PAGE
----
Monday, November 24, 2008

Thanksgiving week

It's almost Thanksgiving, and I'm far from home and those I love. I have a lot for which to be grateful, none the less.

Here's part of an email I received from a Soldier who's been posted to a small Joint Security Station (living with the Iraqi security forces). I've only been able to get there twice in the almost four months I've been here Down Range. It provides insight into hardships our young Soldiers have to endure, even when the 'kinetic fight' (as they're saying these days in Army parlance) has subsided considerably.

It has helped focus my own reflections about Thanksgiving Day:

Being deployed is funny because it gives us so much time to think. While my friends at home are busy with kids, work, going out at night, traveling on weekends, etc; we are here stuck in a tower or a truck staring at an empty street. All we can do to stay awake is daydream and talk about what we daydreamed about. Because of this we live in a world half-fantasy and half reality.

This is a big part of what makes it hard to communicate with the outside world – we either flood someone with the products of our daydreams or simply clam up because we don't know what to tell them about a reality we don't particularly want them to experience (I'm a rare soul in that I came here not only looking to learn about this war but also to express that reality to the world; yet, I fall into the same trap simply because it seems like there's no way most people will know enough to understand.)

On top of that, I haven't learned all that much from this deployment as of right now, but that always changes looking back.). It's not that we're experiencing extreme danger or seeing horrific things on a daily basis: we're not. Mostly we're socially bored to a degree that's simply inexpressible. Nobody who lives inside the wire or back home can even imagine how it feels to pull guard for eight hours a day with another guy who ran out of things to talk about three months ago.

Which brings up something interesting: at this point we barely even talk to one another. Even Jake and I have only a few words to spare. We've talked about everything, made life changing decisions and taken strange and random choices as to what to do with our free time, but now we're done. It's not that we're ceasing to exist or becoming less human, but a group of people so isolated learns that talking doesn't solve many problems. As a matter of fact, it seems to me that it exacerbates many of them. If I talk about how angry I am, I get angrier; my gunner gets angry with me for being angry; my NCOs hear it and they get angry (which is their job, I guess). See where I'm going?

Another reason we don't talk too much to outsiders is that, for us, being what we are is almost like being part of the world's largest-yet-still-exclusive-fraternity. Many of us long ago ceased to be proud of what we do every day or even look at the day we swore in with disgust because we've been stop-lossed, aren't doing what we expected to be doing, or just didn't read the fine print. Those of us who feel this way see the fortitude that we felt when we chose to sign and waive as muleheadedness now, but we really don't want to bring anybody down and keep the gripes inside the brotherhood.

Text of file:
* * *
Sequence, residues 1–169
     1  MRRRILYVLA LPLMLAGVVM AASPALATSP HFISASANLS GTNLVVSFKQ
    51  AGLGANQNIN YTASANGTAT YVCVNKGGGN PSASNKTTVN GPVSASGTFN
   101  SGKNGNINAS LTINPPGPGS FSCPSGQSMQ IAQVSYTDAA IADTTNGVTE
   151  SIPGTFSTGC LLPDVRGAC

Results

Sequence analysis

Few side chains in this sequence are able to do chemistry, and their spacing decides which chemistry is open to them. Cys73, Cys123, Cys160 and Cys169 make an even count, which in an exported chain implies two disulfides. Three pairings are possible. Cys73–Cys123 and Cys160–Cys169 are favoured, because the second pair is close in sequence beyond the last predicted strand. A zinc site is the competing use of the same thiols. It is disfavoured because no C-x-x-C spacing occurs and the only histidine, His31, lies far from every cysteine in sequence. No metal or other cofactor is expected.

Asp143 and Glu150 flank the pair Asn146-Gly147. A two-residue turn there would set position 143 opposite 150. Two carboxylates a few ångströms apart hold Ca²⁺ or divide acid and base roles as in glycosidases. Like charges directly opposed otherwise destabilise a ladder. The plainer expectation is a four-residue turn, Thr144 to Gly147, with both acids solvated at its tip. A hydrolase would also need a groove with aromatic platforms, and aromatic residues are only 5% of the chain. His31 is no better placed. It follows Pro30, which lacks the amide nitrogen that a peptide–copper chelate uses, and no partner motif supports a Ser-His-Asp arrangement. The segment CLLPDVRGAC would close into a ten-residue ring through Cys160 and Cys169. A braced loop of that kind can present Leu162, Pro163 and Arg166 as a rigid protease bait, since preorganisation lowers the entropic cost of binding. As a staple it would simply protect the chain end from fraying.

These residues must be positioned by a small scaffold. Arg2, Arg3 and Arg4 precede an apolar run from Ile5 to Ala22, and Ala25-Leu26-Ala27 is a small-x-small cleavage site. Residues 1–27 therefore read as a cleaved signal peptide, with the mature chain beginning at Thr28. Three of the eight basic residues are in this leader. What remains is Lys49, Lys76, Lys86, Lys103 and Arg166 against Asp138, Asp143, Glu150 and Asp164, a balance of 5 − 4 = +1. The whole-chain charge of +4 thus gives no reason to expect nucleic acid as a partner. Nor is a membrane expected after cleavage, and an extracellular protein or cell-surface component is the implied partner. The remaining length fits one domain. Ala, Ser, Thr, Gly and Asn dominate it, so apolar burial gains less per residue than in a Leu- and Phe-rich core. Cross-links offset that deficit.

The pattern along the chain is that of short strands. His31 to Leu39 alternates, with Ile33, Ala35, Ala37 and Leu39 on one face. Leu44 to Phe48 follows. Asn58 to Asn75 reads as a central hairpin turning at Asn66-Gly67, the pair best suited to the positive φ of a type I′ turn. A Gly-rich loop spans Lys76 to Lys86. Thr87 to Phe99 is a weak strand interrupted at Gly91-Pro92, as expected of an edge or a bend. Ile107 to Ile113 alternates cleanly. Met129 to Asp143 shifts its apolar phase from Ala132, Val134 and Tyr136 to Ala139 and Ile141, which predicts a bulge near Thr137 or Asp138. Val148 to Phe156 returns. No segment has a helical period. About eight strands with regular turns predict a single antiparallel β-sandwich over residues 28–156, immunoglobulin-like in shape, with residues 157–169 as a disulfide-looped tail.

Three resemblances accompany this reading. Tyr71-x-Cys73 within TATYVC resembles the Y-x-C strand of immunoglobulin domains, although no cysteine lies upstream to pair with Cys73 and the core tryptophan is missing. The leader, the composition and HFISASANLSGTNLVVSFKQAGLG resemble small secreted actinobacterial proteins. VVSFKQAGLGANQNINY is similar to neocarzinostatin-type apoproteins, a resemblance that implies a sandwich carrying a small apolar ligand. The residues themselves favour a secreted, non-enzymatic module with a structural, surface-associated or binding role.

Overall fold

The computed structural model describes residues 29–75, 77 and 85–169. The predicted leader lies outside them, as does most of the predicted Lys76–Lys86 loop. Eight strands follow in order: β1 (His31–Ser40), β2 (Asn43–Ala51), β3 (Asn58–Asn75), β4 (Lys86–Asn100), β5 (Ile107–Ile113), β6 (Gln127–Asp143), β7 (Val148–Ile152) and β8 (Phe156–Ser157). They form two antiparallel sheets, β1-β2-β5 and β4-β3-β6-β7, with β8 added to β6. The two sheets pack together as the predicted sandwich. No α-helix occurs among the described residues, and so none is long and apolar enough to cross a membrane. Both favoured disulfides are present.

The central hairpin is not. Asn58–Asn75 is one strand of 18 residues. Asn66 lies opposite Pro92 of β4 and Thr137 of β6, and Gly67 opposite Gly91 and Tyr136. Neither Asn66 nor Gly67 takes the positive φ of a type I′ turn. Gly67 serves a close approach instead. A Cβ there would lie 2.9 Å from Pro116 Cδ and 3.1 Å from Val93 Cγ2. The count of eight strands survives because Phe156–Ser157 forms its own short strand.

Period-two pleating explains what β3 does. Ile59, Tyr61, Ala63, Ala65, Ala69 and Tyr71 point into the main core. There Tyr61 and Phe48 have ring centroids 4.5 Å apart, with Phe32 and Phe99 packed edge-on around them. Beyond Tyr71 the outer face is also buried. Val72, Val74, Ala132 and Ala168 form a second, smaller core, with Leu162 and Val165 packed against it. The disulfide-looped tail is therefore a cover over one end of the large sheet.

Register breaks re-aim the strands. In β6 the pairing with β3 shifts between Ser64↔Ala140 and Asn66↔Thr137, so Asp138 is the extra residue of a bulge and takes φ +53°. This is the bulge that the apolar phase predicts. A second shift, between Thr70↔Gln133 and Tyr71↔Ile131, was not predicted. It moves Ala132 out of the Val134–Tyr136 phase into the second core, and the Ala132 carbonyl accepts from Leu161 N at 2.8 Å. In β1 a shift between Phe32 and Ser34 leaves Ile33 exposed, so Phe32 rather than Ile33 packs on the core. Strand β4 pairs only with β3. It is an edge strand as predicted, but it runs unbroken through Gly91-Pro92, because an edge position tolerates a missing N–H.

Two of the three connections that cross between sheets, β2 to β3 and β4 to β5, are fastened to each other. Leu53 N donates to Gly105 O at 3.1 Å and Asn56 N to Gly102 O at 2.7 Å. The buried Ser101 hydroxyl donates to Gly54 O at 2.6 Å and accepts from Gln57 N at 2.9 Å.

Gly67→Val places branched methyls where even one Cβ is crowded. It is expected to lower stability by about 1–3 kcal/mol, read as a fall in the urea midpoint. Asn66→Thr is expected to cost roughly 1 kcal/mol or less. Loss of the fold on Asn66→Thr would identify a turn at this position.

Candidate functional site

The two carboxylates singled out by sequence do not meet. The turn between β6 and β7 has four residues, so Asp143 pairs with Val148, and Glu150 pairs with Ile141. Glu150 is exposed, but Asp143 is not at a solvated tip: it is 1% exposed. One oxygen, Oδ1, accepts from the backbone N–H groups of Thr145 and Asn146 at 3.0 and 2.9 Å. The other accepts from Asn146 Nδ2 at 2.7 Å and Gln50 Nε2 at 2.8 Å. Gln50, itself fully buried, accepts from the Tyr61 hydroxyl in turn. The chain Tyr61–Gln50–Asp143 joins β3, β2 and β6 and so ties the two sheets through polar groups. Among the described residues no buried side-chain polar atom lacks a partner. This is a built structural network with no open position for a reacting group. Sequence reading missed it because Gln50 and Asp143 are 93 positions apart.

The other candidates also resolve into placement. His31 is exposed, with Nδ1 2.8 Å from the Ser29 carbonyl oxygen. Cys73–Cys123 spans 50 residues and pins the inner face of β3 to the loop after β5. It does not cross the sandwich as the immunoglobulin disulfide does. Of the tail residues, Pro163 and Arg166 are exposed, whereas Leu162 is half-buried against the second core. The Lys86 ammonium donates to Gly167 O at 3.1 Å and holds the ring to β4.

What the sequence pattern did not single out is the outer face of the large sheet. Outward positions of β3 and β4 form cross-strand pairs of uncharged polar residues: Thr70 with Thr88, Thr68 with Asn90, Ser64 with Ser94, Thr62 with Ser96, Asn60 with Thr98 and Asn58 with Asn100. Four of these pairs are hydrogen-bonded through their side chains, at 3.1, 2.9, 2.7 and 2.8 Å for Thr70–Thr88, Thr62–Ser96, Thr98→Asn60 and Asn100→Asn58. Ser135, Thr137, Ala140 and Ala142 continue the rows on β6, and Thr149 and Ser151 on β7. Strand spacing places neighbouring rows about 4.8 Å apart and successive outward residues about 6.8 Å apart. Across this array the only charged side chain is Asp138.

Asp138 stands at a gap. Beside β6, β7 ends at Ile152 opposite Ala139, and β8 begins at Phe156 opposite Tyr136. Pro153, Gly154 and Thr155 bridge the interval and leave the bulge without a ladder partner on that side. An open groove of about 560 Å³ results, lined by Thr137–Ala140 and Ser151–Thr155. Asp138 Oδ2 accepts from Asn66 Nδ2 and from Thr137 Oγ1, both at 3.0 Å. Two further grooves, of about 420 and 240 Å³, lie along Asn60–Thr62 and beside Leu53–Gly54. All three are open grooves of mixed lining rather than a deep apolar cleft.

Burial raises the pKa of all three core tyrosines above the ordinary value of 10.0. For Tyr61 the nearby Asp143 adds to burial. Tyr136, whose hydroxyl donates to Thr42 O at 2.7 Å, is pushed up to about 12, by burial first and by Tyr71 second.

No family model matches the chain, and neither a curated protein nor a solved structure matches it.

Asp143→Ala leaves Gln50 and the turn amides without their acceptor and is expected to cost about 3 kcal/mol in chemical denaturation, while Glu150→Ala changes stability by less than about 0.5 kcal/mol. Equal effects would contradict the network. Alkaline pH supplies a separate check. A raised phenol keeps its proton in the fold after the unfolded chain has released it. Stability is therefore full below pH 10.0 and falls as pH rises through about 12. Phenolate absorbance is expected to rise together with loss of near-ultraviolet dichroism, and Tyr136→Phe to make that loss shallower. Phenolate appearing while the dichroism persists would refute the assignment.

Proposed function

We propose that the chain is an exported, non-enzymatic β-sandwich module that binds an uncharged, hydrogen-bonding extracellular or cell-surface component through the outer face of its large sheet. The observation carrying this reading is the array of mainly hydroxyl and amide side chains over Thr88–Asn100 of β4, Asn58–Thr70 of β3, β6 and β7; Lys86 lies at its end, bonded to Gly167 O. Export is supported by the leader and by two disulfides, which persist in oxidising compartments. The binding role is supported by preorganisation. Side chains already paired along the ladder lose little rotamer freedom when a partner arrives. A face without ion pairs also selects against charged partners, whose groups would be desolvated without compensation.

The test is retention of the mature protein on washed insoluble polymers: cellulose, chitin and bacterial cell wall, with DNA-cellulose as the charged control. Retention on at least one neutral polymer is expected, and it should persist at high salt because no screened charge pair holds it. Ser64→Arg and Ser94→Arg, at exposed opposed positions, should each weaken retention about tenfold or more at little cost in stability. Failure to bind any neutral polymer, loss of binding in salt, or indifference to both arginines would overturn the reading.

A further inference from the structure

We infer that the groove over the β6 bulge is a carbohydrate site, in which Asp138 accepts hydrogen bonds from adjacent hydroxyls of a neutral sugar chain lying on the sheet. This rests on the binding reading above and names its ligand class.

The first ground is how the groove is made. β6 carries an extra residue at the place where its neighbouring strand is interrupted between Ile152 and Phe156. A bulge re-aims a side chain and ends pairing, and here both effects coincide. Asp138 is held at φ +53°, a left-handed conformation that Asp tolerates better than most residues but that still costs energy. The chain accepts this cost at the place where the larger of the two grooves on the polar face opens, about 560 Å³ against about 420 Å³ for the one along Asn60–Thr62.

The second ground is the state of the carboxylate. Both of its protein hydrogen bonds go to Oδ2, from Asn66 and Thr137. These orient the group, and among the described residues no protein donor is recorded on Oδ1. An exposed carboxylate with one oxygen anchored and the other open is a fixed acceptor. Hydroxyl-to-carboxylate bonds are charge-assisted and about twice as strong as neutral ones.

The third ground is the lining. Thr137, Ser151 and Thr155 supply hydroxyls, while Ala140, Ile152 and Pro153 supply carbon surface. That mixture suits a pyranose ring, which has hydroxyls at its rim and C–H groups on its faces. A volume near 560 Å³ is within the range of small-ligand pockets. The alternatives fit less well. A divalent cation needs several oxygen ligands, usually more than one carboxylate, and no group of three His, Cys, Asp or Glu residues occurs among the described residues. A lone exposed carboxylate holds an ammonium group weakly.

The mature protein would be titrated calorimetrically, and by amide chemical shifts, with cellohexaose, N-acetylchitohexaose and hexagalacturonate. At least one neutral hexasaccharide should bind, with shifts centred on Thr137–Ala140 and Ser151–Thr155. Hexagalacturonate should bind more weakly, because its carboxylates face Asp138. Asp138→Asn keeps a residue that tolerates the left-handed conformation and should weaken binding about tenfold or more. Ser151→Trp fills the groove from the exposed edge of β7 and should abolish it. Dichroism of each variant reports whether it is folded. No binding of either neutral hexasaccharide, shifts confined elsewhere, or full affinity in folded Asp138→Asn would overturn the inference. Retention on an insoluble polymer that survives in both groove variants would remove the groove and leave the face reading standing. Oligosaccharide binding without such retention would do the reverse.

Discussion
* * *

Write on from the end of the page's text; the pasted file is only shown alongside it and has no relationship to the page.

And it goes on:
Repression is often the best option – no matter what pop-psychology has to say.

Despite all those things, there are times when we get in the mood to talk, and then we talk probably too much. I've always been a talker once I got comfortable with someone (and I've always been comfortable typing to anyone), but since I joined the Army I've noted that I will suddenly write, type, call everyone I know all at once. Which is sort of what this email is about.

All of that just to say, "hi, I love you guys and will be home soon."

Seriously. We're almost done. That gives us all something to talk about.

Peace, Hope, Love,


During this week when the United States observes Thanksgiving Day, everyone's attention seems to be focused upon how much the various 'bailouts' of corporate executives will cost everyone -- except the people who've aided and abetted this travesty to occur in the first place.

I would submit to you, Gentle Readers, that a much more appropriate focus of our attention might be on SPC C, the author of the note quoted above, and the countless others like him who have REALLY paid in ways that are more significant and more costly than mere dollars. What has all of this Down Range cost *them*?

How different might this Thanksgiving Day be this year, if we all shifted our focus a bit? I, for one, feel honored to know SPC C and countless others like him whom I've met just in the short time I've been in the Army.

I am grateful beyond words that in the midst of rigors beyond my imagining, these Soldiers choose honor over dishonor, the hard right rather than the easy wrong, integrity over compromise, and retain their humanity when others work hard to take it away.

Blessings and peace to one and all,

Fr. Tim, SJ

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